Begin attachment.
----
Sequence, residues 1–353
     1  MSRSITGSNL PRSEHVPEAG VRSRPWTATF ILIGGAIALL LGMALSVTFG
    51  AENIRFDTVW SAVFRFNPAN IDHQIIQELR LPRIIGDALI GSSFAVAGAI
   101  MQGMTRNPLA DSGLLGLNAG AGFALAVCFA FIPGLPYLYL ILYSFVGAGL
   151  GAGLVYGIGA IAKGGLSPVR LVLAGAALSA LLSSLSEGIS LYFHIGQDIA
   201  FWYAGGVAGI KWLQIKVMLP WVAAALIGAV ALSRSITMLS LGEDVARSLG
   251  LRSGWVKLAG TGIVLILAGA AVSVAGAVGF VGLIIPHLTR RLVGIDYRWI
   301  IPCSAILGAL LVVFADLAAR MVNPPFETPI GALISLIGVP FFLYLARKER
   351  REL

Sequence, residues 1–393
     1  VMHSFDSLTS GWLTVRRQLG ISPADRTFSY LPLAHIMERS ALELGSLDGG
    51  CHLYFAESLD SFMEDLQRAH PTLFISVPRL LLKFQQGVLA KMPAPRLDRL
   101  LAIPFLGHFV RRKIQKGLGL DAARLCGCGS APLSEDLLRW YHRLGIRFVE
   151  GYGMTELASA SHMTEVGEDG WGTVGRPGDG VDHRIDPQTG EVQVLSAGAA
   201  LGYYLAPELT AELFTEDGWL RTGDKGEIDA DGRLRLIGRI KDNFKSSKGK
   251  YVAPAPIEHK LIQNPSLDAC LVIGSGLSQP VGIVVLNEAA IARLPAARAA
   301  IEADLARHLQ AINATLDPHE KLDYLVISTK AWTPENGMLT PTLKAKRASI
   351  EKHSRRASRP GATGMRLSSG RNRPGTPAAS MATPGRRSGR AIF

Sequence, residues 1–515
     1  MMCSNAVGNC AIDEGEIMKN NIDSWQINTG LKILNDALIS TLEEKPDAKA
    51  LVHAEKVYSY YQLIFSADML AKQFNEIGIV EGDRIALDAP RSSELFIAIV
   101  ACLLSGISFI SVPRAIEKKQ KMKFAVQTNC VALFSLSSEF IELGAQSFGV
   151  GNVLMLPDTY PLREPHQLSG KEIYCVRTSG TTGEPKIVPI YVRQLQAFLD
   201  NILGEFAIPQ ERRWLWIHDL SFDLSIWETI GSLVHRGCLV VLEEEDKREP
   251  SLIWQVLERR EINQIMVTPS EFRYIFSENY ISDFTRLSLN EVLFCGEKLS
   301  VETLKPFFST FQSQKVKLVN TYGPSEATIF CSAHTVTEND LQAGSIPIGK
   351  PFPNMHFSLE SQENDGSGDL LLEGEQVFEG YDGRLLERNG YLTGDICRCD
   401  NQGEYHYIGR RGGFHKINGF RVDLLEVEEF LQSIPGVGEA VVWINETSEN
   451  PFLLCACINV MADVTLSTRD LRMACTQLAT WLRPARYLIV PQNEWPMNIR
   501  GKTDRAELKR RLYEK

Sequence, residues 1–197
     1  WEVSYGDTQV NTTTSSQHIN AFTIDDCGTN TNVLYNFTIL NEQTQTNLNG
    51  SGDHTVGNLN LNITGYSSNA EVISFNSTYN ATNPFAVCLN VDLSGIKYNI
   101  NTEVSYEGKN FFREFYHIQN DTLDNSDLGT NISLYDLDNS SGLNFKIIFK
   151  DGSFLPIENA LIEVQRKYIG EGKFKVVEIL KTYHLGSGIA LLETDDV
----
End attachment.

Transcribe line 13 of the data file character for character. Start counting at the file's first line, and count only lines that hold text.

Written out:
   101  LAIPFLGHFV RRKIQKGLGL DAARLCGCGS APLSEDLLRW YHRLGIRFVE